Matt Adams, lead singer for The Blank Tapes, has been a friend of KTV for years. We’ve been fortunate to use many of their songs in our shows (see below for a not-nearly complete list), and now that they’ve spent the past two months touring their new record, Vacation, we thought it was a good time to properly introduce you to them. After 10 years, six albums and a handful of cassette and 7″ releases, Adams has solidified a place in the music industry, even if what that means keeps changing. Here he talks with us about what it’s like to tour, the van that they recently retired (after 10 years of cross-country travel), what’s so cool about the 60s and what it means to “make it.”
How long have you been a band?
I’ve been recording and playing as The Blank Tapes for 10 years now! With tons of live band line-ups along the way from Costa Mesa, LA, SF, to Oakland. I moved back down to LA a year and half ago and started up a new version of the band with my girlfriend, Pearl Charles, on drums and DA Humphrey on bass, all of us singing harmonies. Will Halsey & Levi Strom join us on percussion on occasion too.
What is it about the 60s that inspire you so?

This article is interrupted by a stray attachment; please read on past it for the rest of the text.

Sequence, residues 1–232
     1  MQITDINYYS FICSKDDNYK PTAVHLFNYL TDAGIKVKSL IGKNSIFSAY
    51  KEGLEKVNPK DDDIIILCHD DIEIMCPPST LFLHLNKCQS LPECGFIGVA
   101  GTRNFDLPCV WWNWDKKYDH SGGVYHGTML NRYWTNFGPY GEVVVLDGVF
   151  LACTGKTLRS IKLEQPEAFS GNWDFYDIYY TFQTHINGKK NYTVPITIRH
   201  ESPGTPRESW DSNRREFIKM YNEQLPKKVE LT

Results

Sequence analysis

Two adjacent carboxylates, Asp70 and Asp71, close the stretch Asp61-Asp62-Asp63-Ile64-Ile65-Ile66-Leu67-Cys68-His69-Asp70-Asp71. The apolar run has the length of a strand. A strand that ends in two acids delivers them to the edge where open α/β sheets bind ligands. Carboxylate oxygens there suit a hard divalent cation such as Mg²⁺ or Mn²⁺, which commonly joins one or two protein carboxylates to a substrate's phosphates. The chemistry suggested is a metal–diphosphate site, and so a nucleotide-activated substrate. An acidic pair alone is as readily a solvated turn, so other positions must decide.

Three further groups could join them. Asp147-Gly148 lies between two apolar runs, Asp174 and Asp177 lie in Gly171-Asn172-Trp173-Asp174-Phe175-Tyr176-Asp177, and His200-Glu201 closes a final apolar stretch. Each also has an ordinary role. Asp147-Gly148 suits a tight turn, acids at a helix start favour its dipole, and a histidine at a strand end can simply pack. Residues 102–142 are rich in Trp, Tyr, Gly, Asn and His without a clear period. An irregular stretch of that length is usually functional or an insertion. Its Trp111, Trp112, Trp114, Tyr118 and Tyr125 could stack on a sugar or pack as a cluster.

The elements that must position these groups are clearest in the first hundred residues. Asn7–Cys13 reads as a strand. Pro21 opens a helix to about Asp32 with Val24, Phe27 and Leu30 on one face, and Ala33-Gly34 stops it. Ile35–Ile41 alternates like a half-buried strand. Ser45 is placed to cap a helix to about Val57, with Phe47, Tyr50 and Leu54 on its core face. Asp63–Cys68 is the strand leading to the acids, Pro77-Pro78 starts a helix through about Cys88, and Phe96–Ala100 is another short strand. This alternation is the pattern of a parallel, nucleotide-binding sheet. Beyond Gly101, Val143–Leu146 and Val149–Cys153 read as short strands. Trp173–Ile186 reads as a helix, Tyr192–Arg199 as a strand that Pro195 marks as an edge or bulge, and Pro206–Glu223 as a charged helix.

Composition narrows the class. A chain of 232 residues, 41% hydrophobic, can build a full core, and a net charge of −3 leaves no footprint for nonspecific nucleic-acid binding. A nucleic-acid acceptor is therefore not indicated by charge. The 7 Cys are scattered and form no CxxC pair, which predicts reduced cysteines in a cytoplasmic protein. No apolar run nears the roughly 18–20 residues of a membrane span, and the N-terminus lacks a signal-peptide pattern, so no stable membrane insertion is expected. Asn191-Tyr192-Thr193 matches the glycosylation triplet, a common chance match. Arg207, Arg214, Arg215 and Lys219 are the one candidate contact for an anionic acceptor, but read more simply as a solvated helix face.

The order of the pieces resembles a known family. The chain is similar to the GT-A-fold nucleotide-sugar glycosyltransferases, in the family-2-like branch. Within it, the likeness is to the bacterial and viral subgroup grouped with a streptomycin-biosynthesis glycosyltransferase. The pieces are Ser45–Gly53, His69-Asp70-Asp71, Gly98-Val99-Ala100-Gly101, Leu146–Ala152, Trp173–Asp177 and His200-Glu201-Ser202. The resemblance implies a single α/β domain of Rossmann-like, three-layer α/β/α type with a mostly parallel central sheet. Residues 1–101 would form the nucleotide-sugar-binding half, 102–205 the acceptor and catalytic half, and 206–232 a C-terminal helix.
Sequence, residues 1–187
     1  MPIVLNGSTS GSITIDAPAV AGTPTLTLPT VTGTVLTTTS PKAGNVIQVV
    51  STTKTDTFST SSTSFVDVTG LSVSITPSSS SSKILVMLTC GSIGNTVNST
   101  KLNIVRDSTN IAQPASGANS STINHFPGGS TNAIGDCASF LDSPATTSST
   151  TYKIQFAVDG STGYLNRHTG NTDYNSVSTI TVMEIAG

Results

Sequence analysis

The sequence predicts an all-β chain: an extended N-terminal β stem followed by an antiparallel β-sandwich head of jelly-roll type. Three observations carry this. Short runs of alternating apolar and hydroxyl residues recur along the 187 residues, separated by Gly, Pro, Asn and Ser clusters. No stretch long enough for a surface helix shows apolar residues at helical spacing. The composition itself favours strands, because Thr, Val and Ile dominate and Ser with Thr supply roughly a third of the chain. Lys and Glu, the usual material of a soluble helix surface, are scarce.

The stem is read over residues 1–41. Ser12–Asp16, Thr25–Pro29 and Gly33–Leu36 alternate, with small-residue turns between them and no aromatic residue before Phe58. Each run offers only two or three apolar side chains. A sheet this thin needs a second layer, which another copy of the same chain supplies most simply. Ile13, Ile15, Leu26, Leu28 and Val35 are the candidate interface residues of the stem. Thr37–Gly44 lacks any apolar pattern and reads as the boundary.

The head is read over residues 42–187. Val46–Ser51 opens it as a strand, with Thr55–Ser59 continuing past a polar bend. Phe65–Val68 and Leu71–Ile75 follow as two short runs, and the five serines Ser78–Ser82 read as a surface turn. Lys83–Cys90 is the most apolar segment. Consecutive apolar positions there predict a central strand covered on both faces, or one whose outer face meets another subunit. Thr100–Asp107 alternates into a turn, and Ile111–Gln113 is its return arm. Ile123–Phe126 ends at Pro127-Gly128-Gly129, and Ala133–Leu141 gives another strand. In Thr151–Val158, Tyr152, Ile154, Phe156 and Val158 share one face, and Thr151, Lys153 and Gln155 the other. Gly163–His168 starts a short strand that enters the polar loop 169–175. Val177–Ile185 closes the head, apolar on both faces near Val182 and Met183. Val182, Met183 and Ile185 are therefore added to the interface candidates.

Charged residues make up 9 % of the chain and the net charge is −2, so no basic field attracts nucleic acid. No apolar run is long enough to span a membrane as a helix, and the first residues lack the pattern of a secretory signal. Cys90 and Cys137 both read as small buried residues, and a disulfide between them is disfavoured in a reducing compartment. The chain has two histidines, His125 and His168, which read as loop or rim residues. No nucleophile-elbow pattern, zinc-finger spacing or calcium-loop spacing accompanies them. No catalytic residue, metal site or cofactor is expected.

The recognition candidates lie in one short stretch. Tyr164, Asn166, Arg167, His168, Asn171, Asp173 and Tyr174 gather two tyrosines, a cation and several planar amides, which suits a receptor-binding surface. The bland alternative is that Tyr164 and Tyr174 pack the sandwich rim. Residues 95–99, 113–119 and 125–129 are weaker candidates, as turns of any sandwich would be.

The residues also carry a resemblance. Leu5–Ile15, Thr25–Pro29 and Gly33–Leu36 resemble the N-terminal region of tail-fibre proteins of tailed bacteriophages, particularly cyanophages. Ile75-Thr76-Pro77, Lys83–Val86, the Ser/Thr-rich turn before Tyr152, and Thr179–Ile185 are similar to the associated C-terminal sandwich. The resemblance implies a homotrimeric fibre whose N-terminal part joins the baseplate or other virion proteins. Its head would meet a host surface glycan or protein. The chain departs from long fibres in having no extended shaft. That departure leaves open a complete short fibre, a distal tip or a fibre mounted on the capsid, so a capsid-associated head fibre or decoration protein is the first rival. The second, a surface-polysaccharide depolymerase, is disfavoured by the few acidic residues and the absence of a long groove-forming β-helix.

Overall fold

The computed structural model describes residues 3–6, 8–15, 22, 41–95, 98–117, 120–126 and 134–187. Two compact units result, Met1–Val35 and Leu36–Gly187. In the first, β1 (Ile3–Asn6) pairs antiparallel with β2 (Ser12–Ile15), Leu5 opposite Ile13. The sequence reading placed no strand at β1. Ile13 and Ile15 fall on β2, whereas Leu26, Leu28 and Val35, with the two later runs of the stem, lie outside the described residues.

The 1960’s was such a crazy and colorful decade and the music, art, and clothing all seemed so exciting and suiting to my ideal world. Musically, I love the arrangements and instrumentation of those old records with the 12 string guitars, organ, tambourine, maracas, fuzz, echo, leslie & psychedelic sounds in general. I also love the quality of the recordings where everything sounds a little dirtier, roomier, and more spontaneous. My favorite bands are all from that era: the Beatles, the Kinks, Velvet Underground, Rolling Stones, Doors, CCR, Leonard Cohen, Grateful Dead, Jimi Hendrix, Zombies and all that sexy soul music. That being said, there’s something cool from every decade and I just try to soak in all the bits that I like.
You have produced an amazing number of albums. Have they all been supported by a record label?
The first five or six albums from 2003 – 2009 were completely self-produced and self-released by me. In 2010, I release a my first vinyl (CD too) through LA RECORD’s White Noise. Then I released three cassette-tape albums through three different labels; Burger Records, Curly Cassettes, & Dome of Doom. Last year I also released a 7″ single through 20-Sided Records which was the precursor to the current vinyl/CD ‘VACATION’ released by Antenna Farm Records. Other than that, I have a few old home-recorded albums and a couple new studio albums almost in the can that I’m hoping to release within the next couple years.
Do you have a preference, CD or Vinyl, for your albums?